The WoWification of a Sorority Girl
If you had told me exactly one year ago that I, a 23-year-old alumnae of a sorority who is trained as an arts and culture critic, and who has never even owned a video gaming system EVER, would be playing World of Warcraft in a year’s time, I would have given you my WTF face (furrowed brow, left eye goes all squinty, mouth kind of twitches to the right). And then when you insisted that you were from the future and knew FOR A FACT that I would be playing, I probably would have made up some excuse about needing to go meet friends so I could get away from the delusional person from the WoWified future.
But as it turns out, I have been playing for six months, am now at max level, am a (clumsy) member of a guild, and actually really enjoy playing WoW. Does that make me a different person? Absolutely not. Has that changed the way I look at life? No. Then, what has it done for me?
I think the answer to that question is that I’ve discovered that people who play WoW, or any MMO, (which I would have called an RPG six months ago) aren’t people who are obsessed with escaping reality through a fantasy game. In fact, they are people who have lives–jobs, families, friends–and enjoy playing World of Warcraft for no other reason than they enjoy it.
I’ve learned that WoW is a way you can invest yourself in something where you interact with other people, and connect with them on a level that is collaborative and social and non-judgmental (Unless you suck. Or are a jerk). You can join a guild and be involved with it–or you can decide to not do that, and just play recreationally. And there’s no pressure either way. (Okay, that’s sort of not true now that there are guild perks, but you see my point.)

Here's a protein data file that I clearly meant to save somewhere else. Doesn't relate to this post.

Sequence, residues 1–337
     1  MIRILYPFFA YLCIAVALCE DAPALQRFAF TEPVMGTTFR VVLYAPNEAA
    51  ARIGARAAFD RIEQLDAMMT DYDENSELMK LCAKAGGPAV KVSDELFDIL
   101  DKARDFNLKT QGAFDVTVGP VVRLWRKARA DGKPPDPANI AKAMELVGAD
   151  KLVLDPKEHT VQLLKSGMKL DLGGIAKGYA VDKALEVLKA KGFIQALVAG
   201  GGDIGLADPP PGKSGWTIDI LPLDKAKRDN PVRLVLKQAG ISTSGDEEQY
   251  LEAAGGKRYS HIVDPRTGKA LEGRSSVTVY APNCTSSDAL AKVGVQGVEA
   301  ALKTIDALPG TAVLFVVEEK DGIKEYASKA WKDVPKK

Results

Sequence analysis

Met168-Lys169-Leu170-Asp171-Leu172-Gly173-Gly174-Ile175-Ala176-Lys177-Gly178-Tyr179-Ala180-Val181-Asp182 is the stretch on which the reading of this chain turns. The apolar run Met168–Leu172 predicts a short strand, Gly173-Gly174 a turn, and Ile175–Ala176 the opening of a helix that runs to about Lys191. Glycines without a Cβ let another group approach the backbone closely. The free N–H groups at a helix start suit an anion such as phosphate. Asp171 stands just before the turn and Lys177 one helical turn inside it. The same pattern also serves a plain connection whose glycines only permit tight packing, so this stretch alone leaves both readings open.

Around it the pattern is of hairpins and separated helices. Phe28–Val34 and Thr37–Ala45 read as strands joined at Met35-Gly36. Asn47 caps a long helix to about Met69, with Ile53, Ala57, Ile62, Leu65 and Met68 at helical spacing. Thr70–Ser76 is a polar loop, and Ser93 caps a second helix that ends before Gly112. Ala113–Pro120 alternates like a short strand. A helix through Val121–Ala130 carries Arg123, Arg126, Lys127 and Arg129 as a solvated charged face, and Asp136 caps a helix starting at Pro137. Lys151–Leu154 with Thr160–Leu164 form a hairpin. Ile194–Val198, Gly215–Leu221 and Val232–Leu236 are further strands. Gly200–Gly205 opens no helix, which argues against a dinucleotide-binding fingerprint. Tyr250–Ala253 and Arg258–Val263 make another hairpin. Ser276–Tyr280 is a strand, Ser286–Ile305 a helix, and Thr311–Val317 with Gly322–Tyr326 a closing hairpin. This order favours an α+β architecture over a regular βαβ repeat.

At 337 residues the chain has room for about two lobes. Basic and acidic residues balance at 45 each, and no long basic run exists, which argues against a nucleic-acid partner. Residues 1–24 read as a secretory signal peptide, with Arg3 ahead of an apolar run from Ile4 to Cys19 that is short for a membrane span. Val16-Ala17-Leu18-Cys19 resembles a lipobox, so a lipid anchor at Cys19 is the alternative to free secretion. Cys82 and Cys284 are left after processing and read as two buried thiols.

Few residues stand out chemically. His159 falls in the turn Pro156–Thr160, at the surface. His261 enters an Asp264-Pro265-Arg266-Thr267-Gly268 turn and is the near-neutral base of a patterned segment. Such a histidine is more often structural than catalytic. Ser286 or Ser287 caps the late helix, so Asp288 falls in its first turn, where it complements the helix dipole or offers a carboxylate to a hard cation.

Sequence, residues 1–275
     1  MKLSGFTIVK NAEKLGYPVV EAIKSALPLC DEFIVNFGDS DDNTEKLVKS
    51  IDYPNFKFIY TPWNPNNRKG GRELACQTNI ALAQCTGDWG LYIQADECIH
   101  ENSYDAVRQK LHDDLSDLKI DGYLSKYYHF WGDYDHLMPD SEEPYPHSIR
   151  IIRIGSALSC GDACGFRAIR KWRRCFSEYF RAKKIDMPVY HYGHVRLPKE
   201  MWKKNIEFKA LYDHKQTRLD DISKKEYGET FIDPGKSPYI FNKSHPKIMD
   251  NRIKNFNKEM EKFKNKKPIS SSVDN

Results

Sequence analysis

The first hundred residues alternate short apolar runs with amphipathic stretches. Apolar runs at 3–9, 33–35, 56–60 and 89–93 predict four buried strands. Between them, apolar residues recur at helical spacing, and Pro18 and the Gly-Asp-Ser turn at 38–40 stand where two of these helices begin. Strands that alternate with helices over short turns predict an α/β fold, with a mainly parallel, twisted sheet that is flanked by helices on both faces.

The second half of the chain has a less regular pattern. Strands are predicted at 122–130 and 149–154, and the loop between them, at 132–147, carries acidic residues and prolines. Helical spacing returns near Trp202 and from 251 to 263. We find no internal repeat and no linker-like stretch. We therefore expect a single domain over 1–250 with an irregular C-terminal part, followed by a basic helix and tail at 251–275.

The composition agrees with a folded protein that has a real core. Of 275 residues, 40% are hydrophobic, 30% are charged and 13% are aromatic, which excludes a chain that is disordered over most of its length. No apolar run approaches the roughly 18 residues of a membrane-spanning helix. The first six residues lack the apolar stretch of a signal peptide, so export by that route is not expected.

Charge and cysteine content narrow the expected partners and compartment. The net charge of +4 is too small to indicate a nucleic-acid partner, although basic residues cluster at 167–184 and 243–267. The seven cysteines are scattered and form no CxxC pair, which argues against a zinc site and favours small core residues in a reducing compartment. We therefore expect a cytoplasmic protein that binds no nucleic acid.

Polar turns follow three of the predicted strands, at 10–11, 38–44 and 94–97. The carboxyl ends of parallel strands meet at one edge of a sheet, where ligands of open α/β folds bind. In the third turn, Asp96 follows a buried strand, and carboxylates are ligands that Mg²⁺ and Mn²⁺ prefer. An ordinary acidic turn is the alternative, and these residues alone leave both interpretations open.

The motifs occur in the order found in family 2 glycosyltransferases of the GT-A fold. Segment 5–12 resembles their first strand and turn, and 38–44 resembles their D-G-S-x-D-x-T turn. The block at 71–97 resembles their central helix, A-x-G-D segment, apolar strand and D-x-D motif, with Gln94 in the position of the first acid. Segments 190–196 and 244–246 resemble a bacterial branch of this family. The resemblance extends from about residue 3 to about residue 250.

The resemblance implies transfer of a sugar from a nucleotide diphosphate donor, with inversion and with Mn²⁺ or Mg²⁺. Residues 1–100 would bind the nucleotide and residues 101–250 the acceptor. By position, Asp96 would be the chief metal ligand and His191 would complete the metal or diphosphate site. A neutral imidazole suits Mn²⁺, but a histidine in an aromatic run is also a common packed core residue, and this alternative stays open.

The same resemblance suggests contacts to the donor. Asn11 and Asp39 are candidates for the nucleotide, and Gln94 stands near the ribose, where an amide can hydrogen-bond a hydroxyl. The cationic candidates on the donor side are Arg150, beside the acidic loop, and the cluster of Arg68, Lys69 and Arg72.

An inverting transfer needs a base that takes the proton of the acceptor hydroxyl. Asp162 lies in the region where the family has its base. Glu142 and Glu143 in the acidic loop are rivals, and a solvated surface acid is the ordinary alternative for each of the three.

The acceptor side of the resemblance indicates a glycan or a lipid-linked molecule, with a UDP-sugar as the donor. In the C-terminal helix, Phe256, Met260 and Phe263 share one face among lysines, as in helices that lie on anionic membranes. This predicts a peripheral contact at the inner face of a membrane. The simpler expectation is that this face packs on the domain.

Anyway, since the day I started playing and blogging about my experiences in-game, I feel like I’ve become a part of a very large community of highly supportive, helpful people. Despite the fact that I have NO IDEA what I’m talking about a lot of the time, or that I sometimes ask STUPID questions of my Twitter followers, or that I tend to forget to type “/w [my long distance boyfriend's character]” and end up telling my guild that I miss them, people are SO NICE. They’re encouraging, helpful, supportive, and understanding, which is exactly the opposite of what I thought I’d find when I started playing. It’s a very welcome realization.
I think (I hope, I pray) my entire lack of knowledge of not only MMOs, but video gaming in general, makes people remember what it was like for them when they started–how frustrating it can be when you can’t hit the right combination of buttons quick enough, or how confusing it can be when the directions in the quest are a little vague and you don’t know what to do, or how disconcerting it is to be unable to climb out of a crevice before someone tells you to “get on your flying mount.” (Duh) And because I am the hilarious embodiment of awkward game playing, they help me. Because they’ve been there before and know what it’s like.
But more than even all of that, what I find really refreshing about WoW is that no one expects you to be someone you’re not. No one cares how many Coach bags I own, or if I know the major artists of Abstract Expressionism. No one cares if I show up in jeans and cowboy boots instead of a dress and heels. (Let’s be honest–I play WoW in pajamas and cozy socks. If you are disappointed, you may pretend that I play in a dress and heels.) And best of all, no one makes me feel as if I am a disappointment or that I should be better than I am. In fact, people accept me and want to help me become better.
So what has World of Warcraft done for me? It has reminded me that not everyone is selfish and petty and conniving and horribly competitive.
Well that, and it’s given me the ability to have a conversation about the difference between sin’dorei and kaldorei without making the WTF face.
Bethany’s main is a Draenei Paladin named Elaelia who is far more badass than she will ever be. You can find her thoughts about World of Warcraft on her blog, Sorority Girl Plays WoW, and can follow her on Twitter @WoWsororitygirl.